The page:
Van Sandt v. Royster

148 Kan. 495, 83 P.2d 698 (1938)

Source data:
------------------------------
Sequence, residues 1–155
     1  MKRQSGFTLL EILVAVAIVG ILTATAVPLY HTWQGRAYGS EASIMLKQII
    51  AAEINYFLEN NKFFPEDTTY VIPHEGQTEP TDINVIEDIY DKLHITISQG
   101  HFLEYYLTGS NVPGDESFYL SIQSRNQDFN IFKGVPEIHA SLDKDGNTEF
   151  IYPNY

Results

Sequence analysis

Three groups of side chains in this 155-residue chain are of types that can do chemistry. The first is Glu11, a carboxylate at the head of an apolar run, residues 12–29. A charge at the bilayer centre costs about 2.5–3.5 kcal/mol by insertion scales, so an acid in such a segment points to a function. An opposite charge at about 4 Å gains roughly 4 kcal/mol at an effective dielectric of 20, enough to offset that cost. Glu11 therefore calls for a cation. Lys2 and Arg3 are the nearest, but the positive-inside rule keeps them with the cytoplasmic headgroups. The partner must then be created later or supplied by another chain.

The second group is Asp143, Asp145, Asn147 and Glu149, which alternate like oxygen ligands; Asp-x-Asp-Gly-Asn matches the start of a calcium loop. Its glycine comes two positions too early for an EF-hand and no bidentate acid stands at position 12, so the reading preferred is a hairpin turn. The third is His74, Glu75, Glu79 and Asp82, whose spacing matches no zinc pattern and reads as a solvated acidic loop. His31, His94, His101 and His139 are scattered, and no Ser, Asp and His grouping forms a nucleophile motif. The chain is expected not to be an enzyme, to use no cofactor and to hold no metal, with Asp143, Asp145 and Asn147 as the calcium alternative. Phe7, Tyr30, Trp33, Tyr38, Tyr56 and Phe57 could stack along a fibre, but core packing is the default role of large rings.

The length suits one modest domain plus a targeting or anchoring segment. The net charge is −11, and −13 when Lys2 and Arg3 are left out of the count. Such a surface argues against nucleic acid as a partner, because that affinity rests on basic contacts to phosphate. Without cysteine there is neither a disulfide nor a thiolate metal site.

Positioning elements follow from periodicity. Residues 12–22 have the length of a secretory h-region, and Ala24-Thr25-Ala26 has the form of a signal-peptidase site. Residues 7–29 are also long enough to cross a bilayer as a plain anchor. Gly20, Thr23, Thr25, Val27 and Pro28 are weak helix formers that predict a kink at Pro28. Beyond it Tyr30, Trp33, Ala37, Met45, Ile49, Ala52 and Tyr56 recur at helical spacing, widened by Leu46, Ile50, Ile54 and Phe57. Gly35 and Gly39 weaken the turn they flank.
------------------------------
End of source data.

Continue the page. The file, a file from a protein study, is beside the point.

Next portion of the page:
Bailey owned three adjoining lots. The lots were numbered 19, 20 and 4. The residence of Bailey was on lot 4 as of 1904. In the latter part of 1903, the city constructed a public sewer system west of lot 19. At about that same time, a private lateral drain was built by Bailey across her lots to the road to connect with the city sewer line. Eventually, Bailey conveyed lot 19, the one closest to the street, to Jones by a general warranty deed with the usual covenants against encumbrances and containing no exceptions or reservations. Jones built a home on the lot, and in 1920 Jones conveyed the north 156 feet of his lot to Reynolds. Reynolds conveyed it to Van Sandt (P) in 1924. Bailey conveyed the middle lot (20) to Murphy by a general warranty deed who then built a house on it. By mesne conveyances title passed to Royster (D). The deed to Murphy was a general warranty deed without exceptions or reservations. Gray (D1) got title to lot #4 about the same time that lots 19 and 20 were sold. After receiving his lot, P noticed that his basement flooded with sewage and filth from the sewage line. P then discovered the sewer drain. The drain was several feet under the ground and there was nothing visible to indicate the existence of a drain or the connection to the drain with the houses. P brought suit to enjoin the two D's from using and maintaining the sewer drain running through P's land. He claimed that the Ds had no easement, and even if one had been created, P received his land free from easement because he was a bona fide purchaser without notice. P sought an injunction against the continued use of the sewer below his land. The trial court did not grant P's injunction; an appurtenant easement existed in the lateral sewer. Ds contend that the easement was created by implied reservation on the severance of the servient from the dominant estate and that also there was a valid easement by prescription. P appealed.